The SM58, descendant of the 565, is the studio sound solution that decimated the toughest problems in live sound.

There are a few things that diehard Shure history buffs know about the SM58:

It was intended as a studio microphone

Studio mics in the 1950s and 1960s captured vocals accurately but were notoriously fragile. Plus, studio lights created a glare when they landed on the shiny microphone housing. Shure engineer Ernie Seeler and his team created the ideal live vocal microphone in trying to solve studio mic durability and design problems.

It shares its cartridge design with the SM57

The SM58’s ball-shaped and lined grille reduces wind and breath noise and plosive popping, making the mic better suited for vocal applications than its SM57 sibling. But the “guts” of the SM58 and SM57 are from the same design.

The SM58’s destiny as an iconic live vocal microphone was not unprecedented

The SM58’s destiny as an iconic live vocal microphone was not unprecedented, despite the mic’s original designation as a studio tool. The SM58 is a direct descendant of the 565, which was the first microphone to feature the Unisphere®ball grille that has since become the standard grille shape for live vocal mics. By the time of Woodstock in 1969, the 565 was entrenched in the live sound community as the handheld vocal microphone of choice.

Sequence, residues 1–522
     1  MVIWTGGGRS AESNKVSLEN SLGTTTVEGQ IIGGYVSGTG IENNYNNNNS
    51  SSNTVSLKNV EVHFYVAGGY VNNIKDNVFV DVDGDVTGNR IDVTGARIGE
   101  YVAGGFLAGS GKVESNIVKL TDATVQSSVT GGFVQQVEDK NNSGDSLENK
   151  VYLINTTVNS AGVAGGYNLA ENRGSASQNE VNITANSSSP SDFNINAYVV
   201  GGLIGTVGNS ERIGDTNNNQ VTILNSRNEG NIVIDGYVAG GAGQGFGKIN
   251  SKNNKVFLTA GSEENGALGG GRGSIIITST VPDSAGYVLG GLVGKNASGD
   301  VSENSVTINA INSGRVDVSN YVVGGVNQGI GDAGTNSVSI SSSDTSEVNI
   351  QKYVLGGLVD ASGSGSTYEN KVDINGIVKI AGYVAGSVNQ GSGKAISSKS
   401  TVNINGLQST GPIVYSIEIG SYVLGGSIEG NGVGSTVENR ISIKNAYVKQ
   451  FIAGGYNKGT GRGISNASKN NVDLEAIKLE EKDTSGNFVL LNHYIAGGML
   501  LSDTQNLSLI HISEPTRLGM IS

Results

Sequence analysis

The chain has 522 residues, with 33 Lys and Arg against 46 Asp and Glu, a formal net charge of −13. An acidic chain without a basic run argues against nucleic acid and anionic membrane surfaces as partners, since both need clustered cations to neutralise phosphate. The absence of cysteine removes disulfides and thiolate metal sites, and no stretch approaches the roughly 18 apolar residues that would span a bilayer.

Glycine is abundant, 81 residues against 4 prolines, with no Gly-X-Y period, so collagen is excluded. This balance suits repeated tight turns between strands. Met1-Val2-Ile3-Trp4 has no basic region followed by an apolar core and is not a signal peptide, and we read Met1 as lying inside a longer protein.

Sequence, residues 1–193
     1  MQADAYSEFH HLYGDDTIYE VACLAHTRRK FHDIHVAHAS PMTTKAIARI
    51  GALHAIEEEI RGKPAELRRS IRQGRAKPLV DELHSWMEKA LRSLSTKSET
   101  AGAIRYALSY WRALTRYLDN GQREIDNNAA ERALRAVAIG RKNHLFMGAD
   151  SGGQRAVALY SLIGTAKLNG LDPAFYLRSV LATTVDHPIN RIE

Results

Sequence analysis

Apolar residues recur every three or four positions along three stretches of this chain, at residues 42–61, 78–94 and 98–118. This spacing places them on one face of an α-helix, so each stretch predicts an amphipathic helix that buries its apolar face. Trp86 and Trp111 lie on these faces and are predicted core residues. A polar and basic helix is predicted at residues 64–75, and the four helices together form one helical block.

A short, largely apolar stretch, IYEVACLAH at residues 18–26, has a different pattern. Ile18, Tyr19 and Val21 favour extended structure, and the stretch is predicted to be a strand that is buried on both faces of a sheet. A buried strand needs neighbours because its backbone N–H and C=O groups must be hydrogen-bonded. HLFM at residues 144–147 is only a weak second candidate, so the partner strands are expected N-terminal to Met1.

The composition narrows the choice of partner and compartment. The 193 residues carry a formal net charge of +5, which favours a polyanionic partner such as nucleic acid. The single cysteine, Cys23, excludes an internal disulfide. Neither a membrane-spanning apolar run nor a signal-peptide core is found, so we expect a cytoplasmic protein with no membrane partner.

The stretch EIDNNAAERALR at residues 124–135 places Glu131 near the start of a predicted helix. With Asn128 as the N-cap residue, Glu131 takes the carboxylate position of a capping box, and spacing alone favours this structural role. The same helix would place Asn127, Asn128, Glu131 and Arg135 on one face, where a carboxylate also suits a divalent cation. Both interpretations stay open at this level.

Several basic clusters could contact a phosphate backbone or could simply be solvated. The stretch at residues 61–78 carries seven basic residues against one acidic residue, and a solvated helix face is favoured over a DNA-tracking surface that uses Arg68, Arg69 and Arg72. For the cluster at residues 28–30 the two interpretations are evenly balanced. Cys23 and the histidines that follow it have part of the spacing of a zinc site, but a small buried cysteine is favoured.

The performance style of lead singers was evolving too. Prior to the development of the handheld vocal microphone, singers stood behind a microphone mounted on a stand. The handheld 565 gave singers freedom to roam the stage, but this created new dangers of feedback and handling noise.

The SM58’s consistent cardioid polar pattern, high gain-before-feedback, and groundbreaking integrated pneumatic shock mount greatly eliminated these problems, allowing vocalists to focus on connecting with their fans without worrying about mic performance. Plus, the tailored frequency response, lightweight build and ergonomic handle made the SM58 sound and feel like an extension of the singer’s voice rather than a tool separate from themselves.

That doesn’t mean nothing has changed in the way Shure makes SM58s. Dramatic innovations in materials and manufacturing processes have been integrated into the SM58s born every year since 1966. Plus, Shure subjects the SM58 to a ruthless battery of military supplier-grade tests year in and year out - the materials, the parts, and the fully assembled microphone. It never gets a break, so it never breaks.

Get the complete history of the SM58 in our 60-minute archived webinar, The Story of the SM58.